If you have an interest in jewellery then it is only logical that you should also be aware of the materials that are used in making it. We feel that even though pearls and gemstones have had their ups downs in the fashion industry, their value is far beyond that of simple pieces of jewellery. They usually have a rich story associated with them and that needs to be heard. So, we will start with the beloved Keshi pearls and Carnelian gemstones.
There was a time when these pearls were rare and could only be afforded by royalty. In the East, they were popular in Japan and the Indian Subcontinent. Kokichi Mikimoto changed all that by discovering a technique to culture them. Regardless, Keshi Akoya Pearls are rarer than other cultured pearls because they do not have the nucleus present in the regular ones. Yields range up to 1% of total cultivated pearls in a batch. They were originally a side product of the original cultivations and most are still discarded. However, the larger Keshi pearls (8-10 mm) are rare and quite valuable. It takes 3 years for a cultivated mussel to form a pearl and a naturally occurring pearl has a greater time period reaching up to 20 years.
Although, humans have found a way to cultivate them, the texture and colors still remind us of their underwater homes. If you would like to observe them minutely or know more about culturing, we suggest that you look for some material on it on Groupon, and if you’re purchasing then use groupon coupon from rebateszone to save money.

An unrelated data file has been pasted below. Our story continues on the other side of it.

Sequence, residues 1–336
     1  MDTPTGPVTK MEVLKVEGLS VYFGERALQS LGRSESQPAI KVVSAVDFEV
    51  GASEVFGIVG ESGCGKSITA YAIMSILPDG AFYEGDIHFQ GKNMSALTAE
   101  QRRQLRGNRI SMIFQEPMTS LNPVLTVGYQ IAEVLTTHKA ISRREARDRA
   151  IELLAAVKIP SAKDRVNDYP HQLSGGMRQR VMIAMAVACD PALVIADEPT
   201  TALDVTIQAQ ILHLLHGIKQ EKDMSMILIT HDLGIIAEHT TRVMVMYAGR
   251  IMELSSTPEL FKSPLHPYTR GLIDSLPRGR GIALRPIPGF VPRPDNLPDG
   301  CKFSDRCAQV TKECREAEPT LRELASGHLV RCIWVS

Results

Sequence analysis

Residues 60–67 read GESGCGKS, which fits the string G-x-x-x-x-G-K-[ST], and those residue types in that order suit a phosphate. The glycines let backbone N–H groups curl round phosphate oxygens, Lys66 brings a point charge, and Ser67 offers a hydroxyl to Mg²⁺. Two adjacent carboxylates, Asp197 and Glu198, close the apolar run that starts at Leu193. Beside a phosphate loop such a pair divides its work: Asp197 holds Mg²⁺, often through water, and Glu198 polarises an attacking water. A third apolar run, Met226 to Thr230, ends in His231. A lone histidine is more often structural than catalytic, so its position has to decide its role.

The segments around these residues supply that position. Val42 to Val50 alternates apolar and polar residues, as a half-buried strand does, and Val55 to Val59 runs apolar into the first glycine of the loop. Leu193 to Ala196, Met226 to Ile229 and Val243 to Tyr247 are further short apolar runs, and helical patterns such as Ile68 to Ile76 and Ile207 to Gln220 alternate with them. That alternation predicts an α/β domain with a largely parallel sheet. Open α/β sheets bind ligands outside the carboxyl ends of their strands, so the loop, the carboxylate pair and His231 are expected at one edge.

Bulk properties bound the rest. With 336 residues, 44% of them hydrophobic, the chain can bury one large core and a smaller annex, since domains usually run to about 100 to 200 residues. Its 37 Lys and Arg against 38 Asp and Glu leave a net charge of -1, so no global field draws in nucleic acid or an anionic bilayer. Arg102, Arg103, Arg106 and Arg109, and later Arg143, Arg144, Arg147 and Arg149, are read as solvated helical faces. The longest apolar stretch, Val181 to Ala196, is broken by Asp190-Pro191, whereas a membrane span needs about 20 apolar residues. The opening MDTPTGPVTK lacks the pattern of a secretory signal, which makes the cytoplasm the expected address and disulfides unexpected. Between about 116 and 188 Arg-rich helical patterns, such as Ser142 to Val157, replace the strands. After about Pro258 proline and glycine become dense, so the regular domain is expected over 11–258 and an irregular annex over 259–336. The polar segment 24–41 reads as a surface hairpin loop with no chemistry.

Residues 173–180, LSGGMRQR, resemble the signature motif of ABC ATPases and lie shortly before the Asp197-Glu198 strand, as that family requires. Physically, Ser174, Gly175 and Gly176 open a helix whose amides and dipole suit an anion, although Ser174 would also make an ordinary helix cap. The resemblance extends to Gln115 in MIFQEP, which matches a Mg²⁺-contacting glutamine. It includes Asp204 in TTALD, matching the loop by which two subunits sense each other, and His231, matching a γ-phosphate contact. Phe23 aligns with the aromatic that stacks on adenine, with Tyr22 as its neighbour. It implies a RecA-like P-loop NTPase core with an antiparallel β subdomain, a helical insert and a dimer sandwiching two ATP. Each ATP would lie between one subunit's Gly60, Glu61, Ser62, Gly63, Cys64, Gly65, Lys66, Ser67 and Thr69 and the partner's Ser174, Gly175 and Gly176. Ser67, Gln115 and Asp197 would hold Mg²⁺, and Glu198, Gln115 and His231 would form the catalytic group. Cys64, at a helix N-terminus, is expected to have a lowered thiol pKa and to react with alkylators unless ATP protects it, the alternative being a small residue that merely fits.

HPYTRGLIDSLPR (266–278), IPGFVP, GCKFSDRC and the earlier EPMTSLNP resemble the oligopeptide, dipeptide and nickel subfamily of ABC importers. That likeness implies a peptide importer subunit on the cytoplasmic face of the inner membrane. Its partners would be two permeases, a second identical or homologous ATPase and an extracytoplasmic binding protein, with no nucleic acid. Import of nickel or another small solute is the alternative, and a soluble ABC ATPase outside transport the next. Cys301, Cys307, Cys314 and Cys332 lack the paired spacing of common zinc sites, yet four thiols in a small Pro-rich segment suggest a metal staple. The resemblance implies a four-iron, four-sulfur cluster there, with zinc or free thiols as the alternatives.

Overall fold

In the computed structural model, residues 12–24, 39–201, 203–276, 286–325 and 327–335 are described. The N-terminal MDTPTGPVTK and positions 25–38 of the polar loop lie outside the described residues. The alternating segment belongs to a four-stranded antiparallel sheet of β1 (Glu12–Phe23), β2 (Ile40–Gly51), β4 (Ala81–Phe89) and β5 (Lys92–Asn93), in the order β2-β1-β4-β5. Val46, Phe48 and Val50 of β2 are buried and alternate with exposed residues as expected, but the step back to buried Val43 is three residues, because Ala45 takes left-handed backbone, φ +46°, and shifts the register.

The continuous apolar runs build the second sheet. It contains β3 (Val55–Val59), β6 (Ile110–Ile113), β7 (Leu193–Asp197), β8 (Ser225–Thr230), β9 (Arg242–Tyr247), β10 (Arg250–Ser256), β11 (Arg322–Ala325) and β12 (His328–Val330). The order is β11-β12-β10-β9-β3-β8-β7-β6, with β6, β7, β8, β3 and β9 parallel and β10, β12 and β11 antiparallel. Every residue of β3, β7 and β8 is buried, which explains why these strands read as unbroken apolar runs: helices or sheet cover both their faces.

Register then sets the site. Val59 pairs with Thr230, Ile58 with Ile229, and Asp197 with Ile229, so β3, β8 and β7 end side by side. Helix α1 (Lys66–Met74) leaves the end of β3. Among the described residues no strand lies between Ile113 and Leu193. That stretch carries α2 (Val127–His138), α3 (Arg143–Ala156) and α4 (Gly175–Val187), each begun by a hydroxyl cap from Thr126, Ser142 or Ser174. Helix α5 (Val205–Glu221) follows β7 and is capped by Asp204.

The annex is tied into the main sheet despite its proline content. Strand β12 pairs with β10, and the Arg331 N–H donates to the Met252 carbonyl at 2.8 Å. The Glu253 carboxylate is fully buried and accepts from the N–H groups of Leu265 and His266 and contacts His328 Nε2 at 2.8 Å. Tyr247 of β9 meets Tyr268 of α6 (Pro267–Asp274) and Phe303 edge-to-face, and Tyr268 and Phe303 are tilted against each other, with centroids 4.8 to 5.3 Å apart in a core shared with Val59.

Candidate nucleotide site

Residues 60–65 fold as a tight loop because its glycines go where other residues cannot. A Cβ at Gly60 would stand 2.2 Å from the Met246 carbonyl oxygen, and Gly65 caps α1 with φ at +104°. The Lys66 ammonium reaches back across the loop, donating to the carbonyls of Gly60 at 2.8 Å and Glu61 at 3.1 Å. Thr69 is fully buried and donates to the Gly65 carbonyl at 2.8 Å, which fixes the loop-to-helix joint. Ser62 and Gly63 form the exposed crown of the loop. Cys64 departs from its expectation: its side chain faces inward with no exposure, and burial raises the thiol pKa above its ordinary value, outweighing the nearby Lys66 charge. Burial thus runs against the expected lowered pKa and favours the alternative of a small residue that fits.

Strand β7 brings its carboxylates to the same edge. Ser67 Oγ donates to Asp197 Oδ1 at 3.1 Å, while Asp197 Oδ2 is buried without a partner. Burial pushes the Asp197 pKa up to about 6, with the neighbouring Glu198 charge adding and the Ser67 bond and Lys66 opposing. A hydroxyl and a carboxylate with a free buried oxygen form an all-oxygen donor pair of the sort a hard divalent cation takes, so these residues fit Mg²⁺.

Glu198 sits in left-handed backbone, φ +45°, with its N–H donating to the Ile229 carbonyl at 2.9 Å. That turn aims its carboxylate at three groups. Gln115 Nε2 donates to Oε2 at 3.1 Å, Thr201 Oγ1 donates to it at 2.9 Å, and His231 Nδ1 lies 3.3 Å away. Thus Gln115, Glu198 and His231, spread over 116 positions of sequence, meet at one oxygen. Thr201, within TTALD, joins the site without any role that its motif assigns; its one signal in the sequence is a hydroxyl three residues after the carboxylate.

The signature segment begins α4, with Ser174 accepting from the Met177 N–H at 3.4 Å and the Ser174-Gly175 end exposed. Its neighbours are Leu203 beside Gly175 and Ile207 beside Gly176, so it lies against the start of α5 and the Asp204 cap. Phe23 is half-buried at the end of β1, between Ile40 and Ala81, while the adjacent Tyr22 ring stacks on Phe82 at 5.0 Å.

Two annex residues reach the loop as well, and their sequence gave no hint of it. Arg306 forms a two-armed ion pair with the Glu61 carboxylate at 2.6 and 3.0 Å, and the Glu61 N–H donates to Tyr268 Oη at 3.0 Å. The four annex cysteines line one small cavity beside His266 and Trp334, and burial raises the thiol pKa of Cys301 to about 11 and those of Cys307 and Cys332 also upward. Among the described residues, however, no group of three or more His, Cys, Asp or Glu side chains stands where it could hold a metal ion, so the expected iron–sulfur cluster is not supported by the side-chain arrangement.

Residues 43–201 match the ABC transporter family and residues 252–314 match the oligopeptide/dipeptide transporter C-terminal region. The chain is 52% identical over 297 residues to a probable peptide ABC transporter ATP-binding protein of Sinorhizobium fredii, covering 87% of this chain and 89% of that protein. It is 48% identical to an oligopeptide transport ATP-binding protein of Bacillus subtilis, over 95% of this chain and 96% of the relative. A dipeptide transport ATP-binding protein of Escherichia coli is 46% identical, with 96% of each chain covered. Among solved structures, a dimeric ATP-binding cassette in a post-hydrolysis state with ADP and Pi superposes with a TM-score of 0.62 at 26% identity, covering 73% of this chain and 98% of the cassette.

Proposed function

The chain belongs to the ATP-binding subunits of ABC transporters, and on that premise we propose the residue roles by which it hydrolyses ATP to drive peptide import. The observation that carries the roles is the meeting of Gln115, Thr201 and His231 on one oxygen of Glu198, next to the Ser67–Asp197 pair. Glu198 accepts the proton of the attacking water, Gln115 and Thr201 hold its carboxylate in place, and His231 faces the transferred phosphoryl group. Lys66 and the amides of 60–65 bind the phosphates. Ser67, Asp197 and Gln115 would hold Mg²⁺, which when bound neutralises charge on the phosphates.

This one is more common and is actually a mineral which is used as a semi-precious stone. It is basically chalcedony with varying quantities of iron oxide in it. Chalcedony is a naturally occurring mineral of Silica. Regardless of its constitution it is a beautiful stone, which has a rich history as well. Its use has been recorded back to the 5th Century BC, in the ancient civilization of Mehrgarh. More recent uses include as a stone in jewelry and as the base material for seal rings used by Romans, Egyptians and the Assyrians. Egyptians used it in decorating statues. Polished Carnelian is smooth to the touch and is usually found in the lighter shades from orange to reddish-brown. You can look for deals in Groupon if you would like some raw Carnelian, which has a beauty of its own.
That is all for now. Keep us updated with your comments and tell us about the gems that you like. We would also welcome any snippets that we have missed out and suggestions about other gems in future posts. For now, however, this is it, and we bid you farewell.